On Supposed-Hebrew Culture

The problem with “worldview” is that it is all in the head.  It is an intellectualist assumption that once we tally up all of the ideas that a certain person or group holds to, organizing them according to causal force and foundational significance, the end result will be “system.”  Once this system is identified, we can then explain how certain ideas will invariably lead to one system or another, and from that point on we can make our respective curricula which will effectively teach the worldview we are looking for.

The major weakness here is that such systems rarely ever exist.  Even if they do exist enough to name, they never- ever- *do* anything on their own.  Ideas don’t really have consequences.  People have consequences.  And people typically borrow, bend, compromise, and even work contrary to their ideas and commitments.  Wars, technology, political marriages, dance-trends: these all have as much “impact” on a culture as any particular philosopher.

The same weakness shows up when theologians speak of a Hebrew “culture.”  What they are talking about has never actually existed.  The Hebrews in the Bible were always battling with syncretism, rebellion, idolatry, and generic sin.  Even when taken apart from obvious compromises, “Hebrew” would represent a mixed group of people who travel from Sumeria to Egypt, finally inheriting a land of Canaan which had houses, wells, and cities already waiting for them.  Moses was trained in Egyptian schools and married into a Cushite family.  David spent many years in a Philistine kingdom, and many of his closest soldiers were foreign men.  Solomon was an international and cosmopolitan thinker.  Daniel lived in Babylon, assisting the Emperor, and then moved on to help the Persians.  By the time of the Maccabees, we are told that the Spartans are descendants of Abraham (1 Mac. 12) !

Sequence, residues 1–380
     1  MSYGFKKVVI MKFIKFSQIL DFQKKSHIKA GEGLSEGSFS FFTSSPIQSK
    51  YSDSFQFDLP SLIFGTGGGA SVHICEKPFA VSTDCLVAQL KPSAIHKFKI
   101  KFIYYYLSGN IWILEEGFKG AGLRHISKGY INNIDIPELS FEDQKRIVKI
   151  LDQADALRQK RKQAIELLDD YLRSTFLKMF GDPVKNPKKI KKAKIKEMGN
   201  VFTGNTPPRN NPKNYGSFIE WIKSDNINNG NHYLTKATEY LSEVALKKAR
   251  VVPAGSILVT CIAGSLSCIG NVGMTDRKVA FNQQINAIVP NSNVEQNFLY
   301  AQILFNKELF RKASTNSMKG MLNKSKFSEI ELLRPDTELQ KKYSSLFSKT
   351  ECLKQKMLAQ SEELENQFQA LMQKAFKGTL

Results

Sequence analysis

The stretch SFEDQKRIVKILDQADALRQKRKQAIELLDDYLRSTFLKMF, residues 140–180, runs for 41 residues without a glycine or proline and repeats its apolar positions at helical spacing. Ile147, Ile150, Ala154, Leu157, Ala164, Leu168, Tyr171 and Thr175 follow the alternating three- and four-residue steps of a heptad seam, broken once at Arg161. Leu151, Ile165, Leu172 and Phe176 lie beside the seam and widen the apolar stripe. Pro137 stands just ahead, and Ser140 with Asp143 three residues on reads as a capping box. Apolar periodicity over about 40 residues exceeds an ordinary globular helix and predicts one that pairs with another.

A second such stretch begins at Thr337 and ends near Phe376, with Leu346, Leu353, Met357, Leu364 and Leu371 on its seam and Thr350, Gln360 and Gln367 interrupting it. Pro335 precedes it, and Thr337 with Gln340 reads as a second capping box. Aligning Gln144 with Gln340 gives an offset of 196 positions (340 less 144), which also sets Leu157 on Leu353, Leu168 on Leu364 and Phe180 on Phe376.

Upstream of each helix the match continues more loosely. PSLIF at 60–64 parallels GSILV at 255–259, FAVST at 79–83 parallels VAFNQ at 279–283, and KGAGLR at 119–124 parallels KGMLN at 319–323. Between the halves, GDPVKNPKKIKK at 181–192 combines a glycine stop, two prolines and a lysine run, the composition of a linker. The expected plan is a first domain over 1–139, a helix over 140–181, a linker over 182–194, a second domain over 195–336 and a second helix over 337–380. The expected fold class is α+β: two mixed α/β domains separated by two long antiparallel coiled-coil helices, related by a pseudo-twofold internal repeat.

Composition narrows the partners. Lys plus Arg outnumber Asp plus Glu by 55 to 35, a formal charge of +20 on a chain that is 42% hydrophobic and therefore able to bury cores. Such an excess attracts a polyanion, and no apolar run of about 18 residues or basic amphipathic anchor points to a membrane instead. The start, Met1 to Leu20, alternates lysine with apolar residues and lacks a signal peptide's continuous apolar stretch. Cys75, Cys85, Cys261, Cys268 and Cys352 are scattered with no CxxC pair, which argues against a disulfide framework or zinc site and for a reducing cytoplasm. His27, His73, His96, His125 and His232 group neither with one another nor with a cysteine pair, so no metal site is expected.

Jesus was not very obviously a critic of Gentile culture.  He often ran afoul of his own Jewish culture, of course.  Acts 6:1 shows that Hellenistic Jews were among the earliest Christian congregations.  Paul is a “Hellenistic Jew” insofar as he writes religious works in Greek, engages in philosophical discourse (at Athens no less!), and builds on the infamous “Logos Christology” (not that such a thing actually exists, but folks make up their lingo and it helps to illustrate the point here).   The continuity between Philo and John’s Gospel, as well as the Epistle to the Hebrews, is also a good indicator of how “Hellenistic” the early Christian Jews were.  And of course, it was not the Hellenistic Jews who fiercely resisted Christianity.  It was the strict Rabbinic “orthodoxy” Jews who were least open.

You can certainly speak of a Hebrew culture.  Sure.  It involved farming, some sea-trade (as we now know, and as the book of Jonah ought to make plain), fairly consistent warfare, the Temple cult, a Near-Eastern cosmology, a Mediterranean commitment to hospitality, song, Near-Eastern poetry, Semetic views of family roles (which are at times different from Indo-European binary families), etc.

What you won’t find, however, is a unique and self-enclosed culture which stands in contrast to all surrounding cultures.  The old theories have all been shown to be false.  Monotheism?  Not really.  Hebrew monotheism was complex, with a multi-personed Yahweh/Angel-of-Yaweh/Ruach-of-Yaweh.  So too, it is widely understood that “Zeus” was capable of being applied to the general “High God” above all others.  Rejection of divine kingship?  No.  “Son of God” is a term for “king” as Psalm 2 shows.  Moses is considered to be half-divine by many of the rabbis (he turned into an angel atop Mt. Sinai, after all).  Rejection of human sacrifice?  Again, no.  There are several instances of human sacrifice in the Old Testament, and the heart of the Levitical cult was that of representative human sacrifice (Ex. 22:29-30).  One could go on and on.